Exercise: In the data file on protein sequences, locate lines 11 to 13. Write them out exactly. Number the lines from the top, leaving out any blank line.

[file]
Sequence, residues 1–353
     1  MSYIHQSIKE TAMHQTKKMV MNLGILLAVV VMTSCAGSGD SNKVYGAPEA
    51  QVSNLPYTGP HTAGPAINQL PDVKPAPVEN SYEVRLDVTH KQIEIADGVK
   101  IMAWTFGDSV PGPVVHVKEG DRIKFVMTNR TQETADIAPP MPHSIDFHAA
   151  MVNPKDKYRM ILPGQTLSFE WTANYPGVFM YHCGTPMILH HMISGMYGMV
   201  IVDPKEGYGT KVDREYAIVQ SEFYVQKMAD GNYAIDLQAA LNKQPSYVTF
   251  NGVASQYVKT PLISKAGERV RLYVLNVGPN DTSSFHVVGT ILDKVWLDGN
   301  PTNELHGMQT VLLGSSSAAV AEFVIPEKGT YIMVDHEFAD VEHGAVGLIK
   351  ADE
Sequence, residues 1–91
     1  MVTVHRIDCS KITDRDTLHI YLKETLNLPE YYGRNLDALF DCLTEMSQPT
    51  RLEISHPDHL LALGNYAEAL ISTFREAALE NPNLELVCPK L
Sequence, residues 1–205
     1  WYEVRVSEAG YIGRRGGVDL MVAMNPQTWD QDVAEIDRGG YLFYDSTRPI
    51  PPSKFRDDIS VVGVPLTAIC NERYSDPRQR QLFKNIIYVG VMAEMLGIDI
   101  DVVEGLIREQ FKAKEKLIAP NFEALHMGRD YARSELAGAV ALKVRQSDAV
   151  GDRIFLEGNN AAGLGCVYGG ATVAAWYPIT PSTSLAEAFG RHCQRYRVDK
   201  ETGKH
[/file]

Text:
     1  MVTVHRIDCS KITDRDTLHI YLKETLNLPE YYGRNLDALF DCLTEMSQPT
    51  RLEISHPDHL LALGNYAEAL ISTFREAALE NPNLELVCPK L
Sequence, residues 1–205